High Plains Drifter (Clint Eastwood 1973)
This supernatural western of 1973 is notable in the first instance for being Clint Eastwood’s first film in the genre in the dual roles of star and director. The Californian native had made his directorial debut with the excellent 1971 psychological thriller Play Misty for Me, and so High Plains Drifter offered an opportunity for him to further his range behind the camera. As the central character of the film, the iconic actor is once again the stranger without a name. The opening credit sequence has him emerge in the desert like a mirage as he rides towards the small mining town of Lago. The imagery is stark and the dialogue sparse. The stranger enters the mining town surveying its infrastructure and its community. There is an aura of a returning member as his mount steadily makes its way through the main street. But has he been here before? Is he someone the townspeople may recognise although they are hesitant to acknowledge as much?
High Plains Drifter serves as part mystery, part ghost story, part frontier tale. The stranger may in fact be Marshal Jim Duncan who was savagely whipped to death by a bunch of outlaws as the townspeople callously looked on and did nothing. The reason for their actions, or lack of action, and even complicity, was commercial. Duncan had discovered that their precious mine was on government lands and, therefore, not their rightful property. His killers were subsequently arrested themselves, but now they too are returning and hell-bent on their own form of revenge.
Ernest Tidyman, who’d recently won an Oscar for Best Adapted Screenplay for The French Connection, contributed the tight script which captures the oft-brutality of frontier life. The environment the writer and director place us the viewer in is an extremely harsh one in which the rights of the individual are all too often swept aside in the name of so-called progress. For the streetscape of the film itself, Eastwood had an entire town built on location on the shores of Mono Lake, California. The constructed buildings were so authentic in fact that they allowed the filming of interior scenes within. Clint Eastwood throughout his career has amassed many fine reputations as both actor and director, and one of these as the man behind the camera is his consistency in bringing films in ahead of time and under budget. Such indeed was the case with High Plains Drifter.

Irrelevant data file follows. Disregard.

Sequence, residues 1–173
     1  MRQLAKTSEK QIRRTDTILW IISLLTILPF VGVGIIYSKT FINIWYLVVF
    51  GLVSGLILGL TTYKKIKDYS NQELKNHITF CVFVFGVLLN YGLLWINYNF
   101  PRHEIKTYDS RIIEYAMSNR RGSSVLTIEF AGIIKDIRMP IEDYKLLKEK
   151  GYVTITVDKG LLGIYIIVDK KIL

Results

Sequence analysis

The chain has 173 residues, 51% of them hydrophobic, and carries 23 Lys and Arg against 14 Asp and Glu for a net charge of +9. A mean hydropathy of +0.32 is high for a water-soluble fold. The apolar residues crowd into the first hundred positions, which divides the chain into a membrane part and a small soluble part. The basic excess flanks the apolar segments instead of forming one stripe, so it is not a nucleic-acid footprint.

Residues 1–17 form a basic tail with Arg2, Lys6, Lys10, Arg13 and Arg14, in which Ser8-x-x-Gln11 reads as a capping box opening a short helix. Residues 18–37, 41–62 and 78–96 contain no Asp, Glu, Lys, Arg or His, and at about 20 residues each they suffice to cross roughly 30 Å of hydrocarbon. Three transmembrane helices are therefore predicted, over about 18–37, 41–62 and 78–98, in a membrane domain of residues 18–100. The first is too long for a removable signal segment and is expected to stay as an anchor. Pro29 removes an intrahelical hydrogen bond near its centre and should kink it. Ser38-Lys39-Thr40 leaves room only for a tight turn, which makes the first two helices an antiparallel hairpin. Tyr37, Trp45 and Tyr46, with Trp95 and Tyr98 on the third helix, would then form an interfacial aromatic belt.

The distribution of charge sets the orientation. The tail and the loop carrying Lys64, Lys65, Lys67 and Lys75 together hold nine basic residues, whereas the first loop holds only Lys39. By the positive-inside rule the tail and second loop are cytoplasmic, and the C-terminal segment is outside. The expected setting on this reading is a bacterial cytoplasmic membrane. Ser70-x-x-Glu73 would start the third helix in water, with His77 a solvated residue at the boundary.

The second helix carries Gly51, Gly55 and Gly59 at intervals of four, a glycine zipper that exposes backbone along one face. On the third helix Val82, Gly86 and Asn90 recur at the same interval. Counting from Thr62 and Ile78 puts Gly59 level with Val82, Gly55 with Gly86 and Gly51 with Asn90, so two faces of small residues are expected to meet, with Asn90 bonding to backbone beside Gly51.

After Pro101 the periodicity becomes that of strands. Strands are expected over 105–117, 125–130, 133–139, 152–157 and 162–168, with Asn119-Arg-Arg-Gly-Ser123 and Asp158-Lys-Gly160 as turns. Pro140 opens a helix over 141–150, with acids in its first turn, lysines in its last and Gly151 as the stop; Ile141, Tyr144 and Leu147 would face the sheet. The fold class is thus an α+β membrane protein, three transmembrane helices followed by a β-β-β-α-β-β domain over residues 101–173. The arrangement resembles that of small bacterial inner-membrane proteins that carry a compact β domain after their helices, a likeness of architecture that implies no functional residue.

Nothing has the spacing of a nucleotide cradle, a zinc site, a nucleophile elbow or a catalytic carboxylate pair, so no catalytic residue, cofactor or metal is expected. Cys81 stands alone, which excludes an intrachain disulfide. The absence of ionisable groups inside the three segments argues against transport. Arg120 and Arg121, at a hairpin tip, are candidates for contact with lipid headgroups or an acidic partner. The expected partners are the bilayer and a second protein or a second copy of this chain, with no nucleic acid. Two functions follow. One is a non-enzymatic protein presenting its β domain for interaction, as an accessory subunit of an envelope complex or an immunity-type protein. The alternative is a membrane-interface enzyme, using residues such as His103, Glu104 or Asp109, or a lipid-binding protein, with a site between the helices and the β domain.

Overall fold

The resulting film was a box-office success and actually ranks as the sixth-highest grossing western in the United States in the 1970s. It was quite rightly critically acclaimed for its direction, tight pacing and fine cinematography, amongst other things, but it is interesting to note that not all who saw it concurred with such an assessment. Shortly after the film’s release, Eastwood received a letter from one John Wayne who was not best pleased by what he’d seen. An extract from this more than reveals his mind-set on the piece: ‘This isn’t what the west was all about. This isn’t the American people who settled this country.’ To the best of my knowledge Clint did not see fit to issue a response.
If you so happen to be approaching this very fine western (and morality tale let’s face it) for the very first time, then I’d also suggest the director’s 1985 Pale Rider as a worthy accompanying piece. Pale Rider is quite similar in tone and milieu and has more than a few things to say about the commercialisation of the land the settlers have come to inhabit as well (the later film has some pointed shots and comments to make on the subject of strip mining). It also goes a little further than High Plains Drifter in its suggestion that the central character of the Preacher (played of course by the great man himself) may in fact be an avenging angel of sorts; this is most especially suggested in the climatic gunfight scene when the character of Marshal Stockburn clearly recognises the Preacher.
In one piece of on-set mirth (a nice in-joke if you will) Eastwood had two headstones in the town cemetery (significantly located on the outskirts) bear the names of Sergio Leone and Don Siegel, two directors who significantly influenced and played a part in his career, and to whom he would later dedicate his Oscar-winning Unforgiven.
One further piece of trivia I’d personally like to throw in concerns the director’s little-seen Breezy of the same year (I only saw it for the first time myself in recent weeks and it’s not half-bad). Aside from making a Hitchcockian-type cameo appearance in that film (he’s the one leaning on a pier as William Holden and Kay Lenz walk by), Eastwood also features a shot of a poster publicising High Plains Drifter in the scene in which the unlikely couple go to the cinema. It proves the great man has a good sense of humour about him. And his first western behind the camera was a telling portent of great things to come.